Female Pelvic Medicine & Reconstructive Surgery | 2019
Associations Between Risk Factors and Overactive Bladder: A Meta-analysis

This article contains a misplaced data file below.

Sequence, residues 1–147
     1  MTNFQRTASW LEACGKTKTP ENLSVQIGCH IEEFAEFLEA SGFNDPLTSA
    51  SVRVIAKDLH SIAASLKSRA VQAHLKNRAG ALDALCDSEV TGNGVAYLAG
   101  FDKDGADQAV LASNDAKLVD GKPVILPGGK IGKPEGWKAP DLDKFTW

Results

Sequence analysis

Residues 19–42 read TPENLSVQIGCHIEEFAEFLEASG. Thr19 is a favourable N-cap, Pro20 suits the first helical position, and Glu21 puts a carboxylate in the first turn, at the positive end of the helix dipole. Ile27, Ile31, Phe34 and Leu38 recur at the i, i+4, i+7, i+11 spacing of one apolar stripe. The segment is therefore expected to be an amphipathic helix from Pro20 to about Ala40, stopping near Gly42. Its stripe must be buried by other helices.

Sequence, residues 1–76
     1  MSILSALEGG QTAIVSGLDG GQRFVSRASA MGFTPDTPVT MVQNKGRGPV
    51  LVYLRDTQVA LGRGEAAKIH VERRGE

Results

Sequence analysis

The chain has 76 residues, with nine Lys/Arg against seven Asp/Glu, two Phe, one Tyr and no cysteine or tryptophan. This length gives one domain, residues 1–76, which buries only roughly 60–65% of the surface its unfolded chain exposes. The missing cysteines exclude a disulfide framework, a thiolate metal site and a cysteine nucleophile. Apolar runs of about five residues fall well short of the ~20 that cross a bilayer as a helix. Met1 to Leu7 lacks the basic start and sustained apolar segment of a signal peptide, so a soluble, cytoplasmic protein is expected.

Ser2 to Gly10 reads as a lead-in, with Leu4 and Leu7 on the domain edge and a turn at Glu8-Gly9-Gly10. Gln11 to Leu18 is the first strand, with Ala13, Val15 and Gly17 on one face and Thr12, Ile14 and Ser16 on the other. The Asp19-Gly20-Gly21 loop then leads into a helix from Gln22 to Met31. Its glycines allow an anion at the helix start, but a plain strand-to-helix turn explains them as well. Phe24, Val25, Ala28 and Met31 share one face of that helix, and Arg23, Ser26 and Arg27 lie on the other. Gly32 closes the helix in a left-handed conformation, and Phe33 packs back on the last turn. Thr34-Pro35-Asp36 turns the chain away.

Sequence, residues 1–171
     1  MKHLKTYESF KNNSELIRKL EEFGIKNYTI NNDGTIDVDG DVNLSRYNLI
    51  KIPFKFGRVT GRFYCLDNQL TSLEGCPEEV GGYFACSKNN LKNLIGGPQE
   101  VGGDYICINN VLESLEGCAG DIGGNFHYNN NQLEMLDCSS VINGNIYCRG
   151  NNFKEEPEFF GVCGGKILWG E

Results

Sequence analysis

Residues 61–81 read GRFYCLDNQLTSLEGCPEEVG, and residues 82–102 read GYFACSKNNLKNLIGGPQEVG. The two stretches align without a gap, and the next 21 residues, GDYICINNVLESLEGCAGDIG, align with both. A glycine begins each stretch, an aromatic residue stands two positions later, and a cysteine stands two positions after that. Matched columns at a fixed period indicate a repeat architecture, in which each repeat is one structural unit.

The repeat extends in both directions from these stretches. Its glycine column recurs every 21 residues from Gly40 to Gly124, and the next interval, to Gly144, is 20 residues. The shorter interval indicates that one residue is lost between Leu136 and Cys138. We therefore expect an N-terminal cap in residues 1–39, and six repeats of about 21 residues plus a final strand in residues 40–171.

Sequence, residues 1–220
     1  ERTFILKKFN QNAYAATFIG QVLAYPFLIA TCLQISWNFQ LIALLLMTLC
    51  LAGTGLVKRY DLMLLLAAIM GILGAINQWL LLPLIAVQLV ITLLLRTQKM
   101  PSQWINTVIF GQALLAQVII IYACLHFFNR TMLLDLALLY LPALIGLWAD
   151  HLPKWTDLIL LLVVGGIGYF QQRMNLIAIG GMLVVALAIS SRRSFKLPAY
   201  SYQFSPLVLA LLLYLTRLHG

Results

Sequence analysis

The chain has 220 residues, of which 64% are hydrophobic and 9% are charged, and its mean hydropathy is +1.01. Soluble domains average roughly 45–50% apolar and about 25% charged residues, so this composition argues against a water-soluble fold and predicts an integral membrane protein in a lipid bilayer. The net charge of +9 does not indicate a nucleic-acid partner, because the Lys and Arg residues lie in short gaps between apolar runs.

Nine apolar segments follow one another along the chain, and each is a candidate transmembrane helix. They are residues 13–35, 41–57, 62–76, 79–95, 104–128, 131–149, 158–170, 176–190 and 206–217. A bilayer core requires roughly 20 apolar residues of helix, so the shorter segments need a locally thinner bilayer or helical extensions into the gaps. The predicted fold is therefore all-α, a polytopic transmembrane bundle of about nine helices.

Objective The purpose of this study was to investigate the risk factors of overactive bladder (OAB). Methods The PubMed, Embase, and Cochrane Library databases were retrieved through May 2016. Odds ratios (OR) or standard mean differences (SMDs) with 95% confidence intervals (CIs) were used to evaluate the associations between risk factors and OAB. Heterogeneity among studies was examined using &khgr;2 test based on the Q and I2 tests. Results A total of 28 articles were analyzed in our study. The results suggested that age and body mass index were significantly higher in OAB patients than in non-OAB controls (SMDs [95% CIs], 0.30 [0.19–0.41] and 0.39 [0.24–0.53]). A significant negative association was found between employment status and OAB (OR [95% CIs], 0.64 [0.46–0.90]). However, sex, educational level, parity, vaginal delivery, race, menopause, marital status, smoking, and alcohol consumption were not significantly different in OAB and non-OAB control patients (ORs [95% CIs], 0.95 [0.59–1.55], 1.04 [0.82, 1.33], 0.98 [0.56–1.70], 1.66 [0.90–3.07], 0.98 [0.75–1.28], 1.84 [0.23–14.70], 0.97 [0.78–1.19], 0.91 [0.77–1.08], and 0.88 [0.71–1.09], respectively). In addition, the number of parities and vaginal deliveries in OAB patients also showed no significant differences compared with non-OAB control patients (SMDs [95% CI], 0.05 [−0.27 to 0.38] and −0.16 [0.40 to 0.09]). Conclusions This meta-analysis suggests that age and body mass index are associated with increased risks of OAB, whereas employment status is associated with a decreased risk of OAB. Further prospective studies with large sample sizes are needed to confirm this conclusion.